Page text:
Heeresgruppe Süd

Leibstandarte SS with a captured communist flag
Wehrmacht continue their advance further east
Soviet POWs were expendable and considered to be subhuman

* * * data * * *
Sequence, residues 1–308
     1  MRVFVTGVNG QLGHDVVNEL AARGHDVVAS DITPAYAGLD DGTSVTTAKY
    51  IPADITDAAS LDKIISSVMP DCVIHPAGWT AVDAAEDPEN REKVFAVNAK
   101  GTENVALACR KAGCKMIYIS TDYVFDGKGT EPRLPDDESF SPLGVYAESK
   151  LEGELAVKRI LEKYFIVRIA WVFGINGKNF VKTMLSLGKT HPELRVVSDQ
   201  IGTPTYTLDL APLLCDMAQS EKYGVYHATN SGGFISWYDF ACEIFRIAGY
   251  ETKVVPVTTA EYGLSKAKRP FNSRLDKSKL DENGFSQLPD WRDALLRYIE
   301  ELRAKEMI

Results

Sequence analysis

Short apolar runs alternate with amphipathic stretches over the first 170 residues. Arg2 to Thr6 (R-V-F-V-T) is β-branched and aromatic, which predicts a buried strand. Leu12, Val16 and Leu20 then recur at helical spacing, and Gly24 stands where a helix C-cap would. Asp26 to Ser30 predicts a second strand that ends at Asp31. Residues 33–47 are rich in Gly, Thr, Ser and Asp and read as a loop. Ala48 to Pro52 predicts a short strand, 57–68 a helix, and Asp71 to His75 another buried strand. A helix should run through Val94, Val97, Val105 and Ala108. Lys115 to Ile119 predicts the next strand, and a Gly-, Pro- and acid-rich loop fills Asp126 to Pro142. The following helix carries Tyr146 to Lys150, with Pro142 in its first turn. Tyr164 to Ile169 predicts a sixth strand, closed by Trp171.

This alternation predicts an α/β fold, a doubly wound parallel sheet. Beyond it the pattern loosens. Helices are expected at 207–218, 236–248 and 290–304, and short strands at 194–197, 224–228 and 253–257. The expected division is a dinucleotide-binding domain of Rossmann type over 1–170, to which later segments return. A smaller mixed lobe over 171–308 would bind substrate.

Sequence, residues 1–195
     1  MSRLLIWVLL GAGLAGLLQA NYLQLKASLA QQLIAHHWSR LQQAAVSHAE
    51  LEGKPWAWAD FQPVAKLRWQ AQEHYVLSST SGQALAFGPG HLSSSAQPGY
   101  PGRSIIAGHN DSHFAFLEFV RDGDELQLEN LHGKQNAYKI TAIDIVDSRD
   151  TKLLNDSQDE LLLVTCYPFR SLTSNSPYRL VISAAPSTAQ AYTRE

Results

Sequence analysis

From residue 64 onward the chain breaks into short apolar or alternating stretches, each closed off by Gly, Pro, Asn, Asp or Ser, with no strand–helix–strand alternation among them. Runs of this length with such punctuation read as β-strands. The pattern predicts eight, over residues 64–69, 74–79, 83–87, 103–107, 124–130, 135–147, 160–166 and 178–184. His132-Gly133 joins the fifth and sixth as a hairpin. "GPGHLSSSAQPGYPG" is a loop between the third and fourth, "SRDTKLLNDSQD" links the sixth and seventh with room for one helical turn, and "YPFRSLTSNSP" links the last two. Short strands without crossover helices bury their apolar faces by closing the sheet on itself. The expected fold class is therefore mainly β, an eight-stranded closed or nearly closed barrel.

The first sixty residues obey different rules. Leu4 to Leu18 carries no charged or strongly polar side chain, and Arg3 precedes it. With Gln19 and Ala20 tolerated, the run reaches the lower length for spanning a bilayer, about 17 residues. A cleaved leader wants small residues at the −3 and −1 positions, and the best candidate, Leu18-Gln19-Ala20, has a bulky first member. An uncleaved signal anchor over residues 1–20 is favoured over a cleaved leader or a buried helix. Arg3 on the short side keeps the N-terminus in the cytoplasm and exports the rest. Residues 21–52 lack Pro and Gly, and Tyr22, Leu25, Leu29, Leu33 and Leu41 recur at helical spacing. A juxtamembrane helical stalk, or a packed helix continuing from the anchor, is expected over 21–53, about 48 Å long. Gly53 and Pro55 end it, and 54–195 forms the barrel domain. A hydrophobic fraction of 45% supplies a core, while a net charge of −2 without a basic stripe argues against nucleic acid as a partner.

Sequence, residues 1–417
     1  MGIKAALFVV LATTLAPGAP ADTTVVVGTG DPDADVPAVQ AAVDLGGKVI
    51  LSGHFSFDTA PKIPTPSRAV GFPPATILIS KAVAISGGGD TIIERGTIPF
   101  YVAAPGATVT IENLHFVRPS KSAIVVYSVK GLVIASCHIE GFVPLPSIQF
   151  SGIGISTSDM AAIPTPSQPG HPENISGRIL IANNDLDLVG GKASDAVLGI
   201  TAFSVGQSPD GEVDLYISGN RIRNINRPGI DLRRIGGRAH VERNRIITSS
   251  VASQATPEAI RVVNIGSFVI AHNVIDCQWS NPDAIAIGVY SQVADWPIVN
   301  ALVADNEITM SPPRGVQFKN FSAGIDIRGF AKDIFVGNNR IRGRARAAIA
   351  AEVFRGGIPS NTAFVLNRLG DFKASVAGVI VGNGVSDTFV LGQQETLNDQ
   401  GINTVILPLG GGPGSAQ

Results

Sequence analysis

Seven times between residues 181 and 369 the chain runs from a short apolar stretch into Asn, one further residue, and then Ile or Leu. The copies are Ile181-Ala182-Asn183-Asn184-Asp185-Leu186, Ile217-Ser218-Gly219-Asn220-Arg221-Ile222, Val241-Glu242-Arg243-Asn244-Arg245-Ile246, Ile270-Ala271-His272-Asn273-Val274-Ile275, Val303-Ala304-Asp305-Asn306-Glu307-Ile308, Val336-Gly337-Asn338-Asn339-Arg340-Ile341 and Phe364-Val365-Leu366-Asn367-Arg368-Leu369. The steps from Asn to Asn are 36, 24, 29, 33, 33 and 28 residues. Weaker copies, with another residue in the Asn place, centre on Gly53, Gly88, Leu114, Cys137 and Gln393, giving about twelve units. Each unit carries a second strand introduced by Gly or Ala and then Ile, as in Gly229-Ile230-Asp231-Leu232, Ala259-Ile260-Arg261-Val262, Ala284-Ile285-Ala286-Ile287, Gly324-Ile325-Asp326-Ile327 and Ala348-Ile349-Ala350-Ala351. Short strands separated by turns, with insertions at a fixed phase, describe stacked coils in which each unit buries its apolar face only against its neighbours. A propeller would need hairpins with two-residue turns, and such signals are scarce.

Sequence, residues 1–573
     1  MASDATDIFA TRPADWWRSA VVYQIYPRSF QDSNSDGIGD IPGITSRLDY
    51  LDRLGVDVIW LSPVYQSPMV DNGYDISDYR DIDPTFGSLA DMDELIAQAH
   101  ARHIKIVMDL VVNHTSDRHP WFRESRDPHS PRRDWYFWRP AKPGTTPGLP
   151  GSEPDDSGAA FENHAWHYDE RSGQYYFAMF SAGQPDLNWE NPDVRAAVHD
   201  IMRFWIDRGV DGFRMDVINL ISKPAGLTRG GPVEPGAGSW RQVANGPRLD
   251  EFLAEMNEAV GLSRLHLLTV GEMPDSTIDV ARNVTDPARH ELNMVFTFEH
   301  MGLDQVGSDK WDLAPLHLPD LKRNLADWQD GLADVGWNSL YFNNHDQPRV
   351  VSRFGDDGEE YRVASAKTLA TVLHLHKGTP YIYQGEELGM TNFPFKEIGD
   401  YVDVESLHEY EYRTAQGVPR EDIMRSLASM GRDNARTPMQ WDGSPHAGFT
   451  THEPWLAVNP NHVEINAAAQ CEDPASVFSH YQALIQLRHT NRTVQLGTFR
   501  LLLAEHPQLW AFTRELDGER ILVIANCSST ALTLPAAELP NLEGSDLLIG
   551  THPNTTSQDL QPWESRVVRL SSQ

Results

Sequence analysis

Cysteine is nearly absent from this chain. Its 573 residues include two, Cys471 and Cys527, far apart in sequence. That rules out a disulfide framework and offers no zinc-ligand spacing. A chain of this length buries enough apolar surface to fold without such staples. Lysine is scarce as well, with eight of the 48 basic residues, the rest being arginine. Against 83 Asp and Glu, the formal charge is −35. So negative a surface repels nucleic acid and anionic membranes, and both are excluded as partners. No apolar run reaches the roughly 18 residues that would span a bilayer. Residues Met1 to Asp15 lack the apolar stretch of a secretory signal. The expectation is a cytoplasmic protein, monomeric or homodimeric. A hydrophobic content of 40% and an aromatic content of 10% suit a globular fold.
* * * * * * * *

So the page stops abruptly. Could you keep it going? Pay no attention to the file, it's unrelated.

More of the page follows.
Army Group South, under Field Marshal Gerd von Rundstedt, had the furthest to go and his attack also faced the stiffest Soviet resistance. Most of the Russian armour was on this front. On August 8 1941 the Germans surrounded two Soviet armies, capturing 100,000 men in the Uman pocket, and reached the Dnieper River. The naval port of Odessa on the Black Sea was also besieged. Up to this point all seemed to be going well, the only major problem being the time needed for the infantry to catch up with the panzers and mop up pockets of Russian defence. But Soviet resistance was now stiffening, despite catastrophic losses. A German salient around Yelnya, south-east of Smolensk, was recaptured in a costly but successful counterattack. The Soviets were completely fooled by German moves. Five Soviet armies were trapped in a vast salient around Kiev. By the end of September Kiev had fallen and over 650,000 Russian troops killed or captured. The Germans pushed along the Black Sea coast and into the Crimea, laying siege to Sevastapol. In October Kharkov fell, but by now the Germans were exhausted. The fighting had severely depleted their ranks and supply lines were stretched to the limit. For now, the southern front stayed where it was. In the north too, Waffen-SS and the German forces had reached their limit. Germany engaged in a policy of deliberate maltreatment of Soviet prisoners of war, in contrast to their treatment of Western prisoners. They deliberately starved to death Soviet prisoners in staggering numbers. In the eyes of the Nazis, the war against the Soviet Union would be a war of annihilation. Credit: author Ian Carter. Top image: a group of Waffen-SS men in late summer of 1941 secure the services of a local translator to explain the legend on this recently captured Soviet flag which reads: Fight for Lenin and Stalin – be prepared! The soldiers have been positively identified as members of the then SS-Hauptsturmführer Hugo Kraas Kradschützenkompanie of the Leibstandarte SS. Commons: Bundesarchiv. Middle image: Wehrmacht soldiers part of Army Group South during the beginning of Barbarossa 1941. Screenshot from the Deutsche Wochenschau. Fair use. Bottom image: Soviet Red Army soldiers captured by the Leibstandarte SS. Photo taken by Paul Augustin who served as a SS-Kriegsberichter with the Leibstandarte SS from at least 1940 until March 1943. During that period, Augustin took many hundreds of photographs of his unit, and a collection of those photographs is maintained by the US National Archives. He was promoted SS-Hauptscharführer on March 1 1943 and killed in action 19 days later on March 20.

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